In this exclusive excerpt from Life without lanyards, former public servant Lynda Leigh shares her journey from unfair dismissal to a thriving career as a speaker and trainer.
It was the shock of my life, being told to come into an interview room outside the security environment of the building. I was walked down and there were four of them at the table. There was the head of security, the manager of HR and two psychologists. ‘You sit there’, they told me. ‘You’ve lost your security clearance. Here is the documentation — we need your pass.’
They said that my behaviour was a security risk, and gave me a paper that listed why. It was over the top, I mean seriously over the top, scraping as much dirt from my shoes as they could. I looked at it and thought, ‘I don’t know where they got that from. I’m not that person on that piece of paper, because she just sounds nasty’. They said I’d done everything from promiscuity down. I just laugh at that one. How many people actually have sex on their desks?
What’s really confusing is that only the week before my manager and I sat down for the annual performance review, and he raved about me. He said my work ethic was terrific, I was a fantastic team member and he wished he had more like me. He said I wasn’t one of those silly bitchy registry girls. Then the week after that I was walked out the door. I was so confused, and heartbroken. I had thought the most constant thing in my life was my job and now it was gone. Bam.
I’d been the first disabled person they’d ever recruited. I was actually in their annual report that year and they la-la-la’d about it. They finally got their 1%. However, I wasn’t allowed to bring in any assistance devices, just my hearing aids, because they said the security risk was too high. I could be transmitting conversations; a walking listening device. So I managed and I did the best I could.
You could say it’s discrimination, but really it’s day-to-day bullying. Managers come up from behind and talk to you, instead of facing you so you can lip-read. You get told that a decision’s been made at a meeting, then they say, ‘Oh, you probably didn’t hear that’. But there were no minutes taken, so you couldn’t check anything either. You miss meetings altogether, because they changed the location by calling out across the office. This is bullying: it’s the feeling that you’ve been excluded.
So they gave me two months’ worth of pay, and with my long service leave, I had enough to last me half a year. They also told me I should apply for a disability pension.
Silly me, thinking I could find a job right away, because emotionally I was a wreck. I was going to counselling twice a week, which they paid for. They were quite concerned about suicide, because there were quite a few people who were marched out of the door in the same way previously, and one of them had committed suicide. I think they didn’t want to lose access to us.
Unfortunately, I accepted the first thing that came along, and ended up working as a personal assistant to a diva. She was a model, so she was tall, and her non-ergonomic furniture was actually killing my arms. I’d raise up the chairs and they’d slowly drop down. She had rules. I had to have her coffee made before nine, and wasn’t allowed to take breaks. One day I worked from eight to eight with no break. I was so p’d off, I left. Never again. I went from being sacked to leaving someone who wasn’t treating me well.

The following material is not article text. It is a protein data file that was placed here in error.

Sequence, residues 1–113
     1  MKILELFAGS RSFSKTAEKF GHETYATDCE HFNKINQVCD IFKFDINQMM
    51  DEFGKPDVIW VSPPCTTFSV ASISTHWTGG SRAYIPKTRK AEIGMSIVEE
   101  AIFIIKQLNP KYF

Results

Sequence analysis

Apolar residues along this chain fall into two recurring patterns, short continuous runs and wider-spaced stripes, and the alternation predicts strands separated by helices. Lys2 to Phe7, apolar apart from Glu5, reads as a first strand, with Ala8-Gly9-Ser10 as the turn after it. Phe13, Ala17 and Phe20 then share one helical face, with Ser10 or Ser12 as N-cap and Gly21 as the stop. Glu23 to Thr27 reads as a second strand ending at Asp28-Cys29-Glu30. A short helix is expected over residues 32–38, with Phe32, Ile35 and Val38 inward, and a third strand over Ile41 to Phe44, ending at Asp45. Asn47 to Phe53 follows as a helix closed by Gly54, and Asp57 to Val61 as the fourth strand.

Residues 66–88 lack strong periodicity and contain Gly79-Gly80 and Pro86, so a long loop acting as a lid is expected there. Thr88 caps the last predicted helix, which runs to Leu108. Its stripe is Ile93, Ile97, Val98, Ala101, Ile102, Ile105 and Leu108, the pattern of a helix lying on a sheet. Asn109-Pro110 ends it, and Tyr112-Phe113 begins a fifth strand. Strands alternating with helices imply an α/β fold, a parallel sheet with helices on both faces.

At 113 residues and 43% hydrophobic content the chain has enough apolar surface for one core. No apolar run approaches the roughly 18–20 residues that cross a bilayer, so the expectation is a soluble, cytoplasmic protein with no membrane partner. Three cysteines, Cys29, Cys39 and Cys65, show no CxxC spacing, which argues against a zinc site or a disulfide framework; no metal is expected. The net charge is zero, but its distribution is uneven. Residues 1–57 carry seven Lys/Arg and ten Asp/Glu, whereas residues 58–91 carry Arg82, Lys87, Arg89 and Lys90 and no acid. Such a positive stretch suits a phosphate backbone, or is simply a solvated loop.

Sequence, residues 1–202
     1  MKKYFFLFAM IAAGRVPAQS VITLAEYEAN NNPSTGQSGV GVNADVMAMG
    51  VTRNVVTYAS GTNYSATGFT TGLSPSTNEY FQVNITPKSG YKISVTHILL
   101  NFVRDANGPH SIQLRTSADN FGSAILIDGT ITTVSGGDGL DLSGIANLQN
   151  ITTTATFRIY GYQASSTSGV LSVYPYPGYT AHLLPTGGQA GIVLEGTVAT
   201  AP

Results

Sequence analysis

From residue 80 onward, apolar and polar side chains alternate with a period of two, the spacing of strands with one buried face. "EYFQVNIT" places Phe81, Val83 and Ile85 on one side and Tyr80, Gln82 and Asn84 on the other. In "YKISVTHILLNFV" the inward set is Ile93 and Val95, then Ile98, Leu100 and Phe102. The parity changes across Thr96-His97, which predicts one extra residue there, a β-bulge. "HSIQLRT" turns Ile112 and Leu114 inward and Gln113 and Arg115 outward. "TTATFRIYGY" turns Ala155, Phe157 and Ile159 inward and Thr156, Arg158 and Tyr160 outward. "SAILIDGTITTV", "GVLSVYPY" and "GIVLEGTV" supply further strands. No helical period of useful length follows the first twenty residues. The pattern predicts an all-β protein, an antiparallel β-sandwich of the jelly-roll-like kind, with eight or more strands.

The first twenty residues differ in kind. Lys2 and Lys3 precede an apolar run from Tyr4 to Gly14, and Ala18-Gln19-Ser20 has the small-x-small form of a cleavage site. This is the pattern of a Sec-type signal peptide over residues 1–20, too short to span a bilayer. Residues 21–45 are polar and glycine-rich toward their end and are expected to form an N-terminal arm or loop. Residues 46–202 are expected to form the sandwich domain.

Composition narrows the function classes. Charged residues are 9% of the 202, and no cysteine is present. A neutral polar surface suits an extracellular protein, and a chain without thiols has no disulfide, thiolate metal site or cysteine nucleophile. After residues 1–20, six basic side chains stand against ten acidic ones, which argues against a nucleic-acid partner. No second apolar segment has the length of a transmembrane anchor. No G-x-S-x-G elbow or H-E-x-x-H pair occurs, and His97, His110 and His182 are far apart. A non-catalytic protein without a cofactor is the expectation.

I had career counselling, and the lady said, ‘It’s time you think about being self-employed’. Maybe I had grown up, or maybe I had gotten stronger after all of those years of bullying, but I just thought, ‘I’m not going to take this crap anymore’.
I started out pursuing work as a record-keeper, because that’s my background. Then I met with Dean from Canberra BusinessPoint, to talk about my ideas. He said, ‘I think you’ve got a different skill set. I think you should be a speaker’.
Right now, I talk to people about networking. That’s coming out of something Dean said: ‘You’re a natural at networking. Can you show people how?’ I don’t tell people how to make money. I don’t tell people how to sell. I just tell them how to make friends.
I’m amazed by how easy some things have been. Honestly, I am finding customers without even trying. That still amazes me. I get to pick and choose the work I want to do. I was at a networking event last night, and I had people coming up to me and hugging me, thanking me for helping them. I didn’t know who they were, but they knew who I was.
I realised that I don’t work ‘normally’. I am not meant for a normal office with normal people, so really the only option is to work for myself. I’d already lost my job. I had nothing to lose. I think about what happened as a brick wall. It’s behind me, not in front of me. I can’t climb up it. I can’t knock it down. I can’t get around it, but I can launch off it. I can put my back against it and push.
I feel sorry for those people who just exist. Who wake up in the morning, go to work, come home, have dinner, watch TV, go to bed, wake up, and go to work again. And you’ve got to do how many years of that? Pass, thanks. Pass.
Anyone can get a job, but not many people can get a dream. So if there’s something that you have always wanted to try, go for it. You can always go back. But if you don’t try it, you’ll never know.
Today, Lynda runs Bright Spark speaking. She presents tailored presentations on customer service, communication, resilience, and networking. Learn more about Lynda at www.brightsparkspeaking.com.au.
Hear more stories from public servants who’ve started their own business and thrived — pick up a copy of Life without lanyards – from public servant to entrepreneur. Available online via www.lifewithoutlanyards.com, or in print from Harry Hartog in Woden, and the National Library of Australia bookshop.